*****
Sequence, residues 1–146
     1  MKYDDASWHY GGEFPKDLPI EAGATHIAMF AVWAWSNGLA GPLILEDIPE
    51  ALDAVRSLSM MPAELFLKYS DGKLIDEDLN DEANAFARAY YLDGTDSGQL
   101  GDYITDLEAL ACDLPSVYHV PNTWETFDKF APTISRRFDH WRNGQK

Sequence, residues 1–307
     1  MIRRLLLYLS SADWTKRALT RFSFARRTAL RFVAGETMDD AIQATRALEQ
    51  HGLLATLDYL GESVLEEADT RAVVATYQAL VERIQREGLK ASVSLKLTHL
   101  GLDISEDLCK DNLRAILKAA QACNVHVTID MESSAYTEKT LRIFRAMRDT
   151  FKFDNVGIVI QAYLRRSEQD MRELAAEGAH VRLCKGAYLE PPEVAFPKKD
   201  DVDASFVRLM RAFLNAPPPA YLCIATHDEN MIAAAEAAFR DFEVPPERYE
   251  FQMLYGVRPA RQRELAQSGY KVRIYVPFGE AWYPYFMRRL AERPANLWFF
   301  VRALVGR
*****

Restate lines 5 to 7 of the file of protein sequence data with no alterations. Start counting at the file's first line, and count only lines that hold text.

Sequence, residues 1–307
     1  MIRRLLLYLS SADWTKRALT RFSFARRTAL RFVAGETMDD AIQATRALEQ
    51  HGLLATLDYL GESVLEEADT RAVVATYQAL VERIQREGLK ASVSLKLTHL